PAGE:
Airline defends Cho power play

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Airline defends Cho power play


Korean Air insists that the recent transfer of its employees to Hanjin KAL, which owns 30 percent of the carrier, is all above board and a simple human resources decision.

The Korea Corporate Governance Improvement (KCGI), a major shareholder in Hanjin KAL, claims that the maneuver is a power play by Cho Won-tae, chairman and CEO of Korean Air, chairman of Hanjin KAL, chairman of Hanjin Group and a Hanjin KAL shareholder. It believes that the move is a violation of the law.

No specific details have been made available about the number of employees moved or their positions, but Korean Air says it generally transfers 20 employees every year.

In a statement Tuesday, Korean Air vigorously defended the transfers, saying in the statement that the process is “legitimate.”

It added that the costs of the moves are being calculated in a fair manner and that the employee transfers are being undertaken for training purposes so that the workers better understand other businesses within the group.

KCGI described the transfers as “illegal support in terms of the fair trade law.” It further described Cho’s act as putting himself above the overall development of Hanjin Group, and called it “beyond deplorable.”

The fund, which owns 17.29 percent of Hanjin KAL, said the decision was made to help Cho Won-tae maintain his CEO position at the Korean Air general shareholder meeting in March, where Cho’s reappointment will be put on the agenda.

“CEO Cho Won-tae’s inappropriate act of treating Korean Air employees like his maids should be stopped,” KCGI said in a statement. “Korean Air employees are made to take responsibility for the sluggish performance resulting from reckless management and excessive debt ratio.”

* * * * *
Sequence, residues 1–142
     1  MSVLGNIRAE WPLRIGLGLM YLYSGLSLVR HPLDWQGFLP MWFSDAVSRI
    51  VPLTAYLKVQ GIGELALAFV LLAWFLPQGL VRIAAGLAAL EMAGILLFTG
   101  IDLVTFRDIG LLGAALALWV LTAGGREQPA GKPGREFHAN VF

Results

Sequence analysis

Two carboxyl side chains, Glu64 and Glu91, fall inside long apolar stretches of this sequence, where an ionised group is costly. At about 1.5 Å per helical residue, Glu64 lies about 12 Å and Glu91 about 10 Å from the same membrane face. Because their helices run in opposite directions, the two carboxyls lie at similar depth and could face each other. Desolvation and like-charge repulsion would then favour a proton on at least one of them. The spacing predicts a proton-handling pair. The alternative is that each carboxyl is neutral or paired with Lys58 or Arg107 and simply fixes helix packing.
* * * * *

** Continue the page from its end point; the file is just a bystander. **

Members of the Cho family own a total of 24.79 percent of Hanjin KAL, with Cho Won-tae holding 6.52 percent and Cho Hyun-ah, his sister, owning 6.49 percent.

Reportedly, KCGI’s accusation arrived after the fund had a meeting with Cho Hyun-ah and an executive from Bando Engineering & Construction, which owns 8.28 percent of Hanjin KAL.

Delta Air Lines has a 10 percent stake in the company.

Cho Hyun-ah, a former Korean Air vice president, last month claimed through a legal representative that her brother is managing the group against their father’s will.

She currently doesn’t hold any positions in the group and believes that she should.

She told the JoongAng Ilbo she is “willing to talk to any shareholder, including KCGI” if it’s in her interests.

Kakao on Monday announced it purchased a 1 percent stake of Hanjin KAL. It is estimated to have bought the shares for around 20 billion won ($18 million) in December when it signed a memorandum of understanding with Korean Air to work on digitalization of the airline and in-flight entertainment.

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